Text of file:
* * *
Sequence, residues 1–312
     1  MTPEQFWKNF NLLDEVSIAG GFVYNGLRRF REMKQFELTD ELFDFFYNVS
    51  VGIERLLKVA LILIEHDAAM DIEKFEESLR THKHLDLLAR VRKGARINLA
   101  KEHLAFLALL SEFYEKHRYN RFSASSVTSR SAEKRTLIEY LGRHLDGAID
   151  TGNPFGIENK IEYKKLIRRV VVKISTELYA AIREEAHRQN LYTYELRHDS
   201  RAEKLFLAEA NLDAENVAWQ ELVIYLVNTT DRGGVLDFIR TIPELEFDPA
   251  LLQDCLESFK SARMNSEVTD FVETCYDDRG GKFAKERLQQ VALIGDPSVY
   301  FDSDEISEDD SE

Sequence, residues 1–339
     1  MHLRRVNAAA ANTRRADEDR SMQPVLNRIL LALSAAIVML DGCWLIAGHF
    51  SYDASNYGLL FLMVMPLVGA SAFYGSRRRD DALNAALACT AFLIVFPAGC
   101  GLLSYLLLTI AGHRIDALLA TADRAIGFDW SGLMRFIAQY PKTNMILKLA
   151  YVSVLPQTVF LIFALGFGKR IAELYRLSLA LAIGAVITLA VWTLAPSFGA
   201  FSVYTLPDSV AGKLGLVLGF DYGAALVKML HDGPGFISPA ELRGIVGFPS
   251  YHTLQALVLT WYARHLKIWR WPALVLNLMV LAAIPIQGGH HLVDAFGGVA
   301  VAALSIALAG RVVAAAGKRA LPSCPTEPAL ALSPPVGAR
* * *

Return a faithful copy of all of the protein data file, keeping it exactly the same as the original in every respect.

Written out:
Sequence, residues 1–312
     1  MTPEQFWKNF NLLDEVSIAG GFVYNGLRRF REMKQFELTD ELFDFFYNVS
    51  VGIERLLKVA LILIEHDAAM DIEKFEESLR THKHLDLLAR VRKGARINLA
   101  KEHLAFLALL SEFYEKHRYN RFSASSVTSR SAEKRTLIEY LGRHLDGAID
   151  TGNPFGIENK IEYKKLIRRV VVKISTELYA AIREEAHRQN LYTYELRHDS
   201  RAEKLFLAEA NLDAENVAWQ ELVIYLVNTT DRGGVLDFIR TIPELEFDPA
   251  LLQDCLESFK SARMNSEVTD FVETCYDDRG GKFAKERLQQ VALIGDPSVY
   301  FDSDEISEDD SE

Sequence, residues 1–339
     1  MHLRRVNAAA ANTRRADEDR SMQPVLNRIL LALSAAIVML DGCWLIAGHF
    51  SYDASNYGLL FLMVMPLVGA SAFYGSRRRD DALNAALACT AFLIVFPAGC
   101  GLLSYLLLTI AGHRIDALLA TADRAIGFDW SGLMRFIAQY PKTNMILKLA
   151  YVSVLPQTVF LIFALGFGKR IAELYRLSLA LAIGAVITLA VWTLAPSFGA
   201  FSVYTLPDSV AGKLGLVLGF DYGAALVKML HDGPGFISPA ELRGIVGFPS
   251  YHTLQALVLT WYARHLKIWR WPALVLNLMV LAAIPIQGGH HLVDAFGGVA
   301  VAALSIALAG RVVAAAGKRA LPSCPTEPAL ALSPPVGAR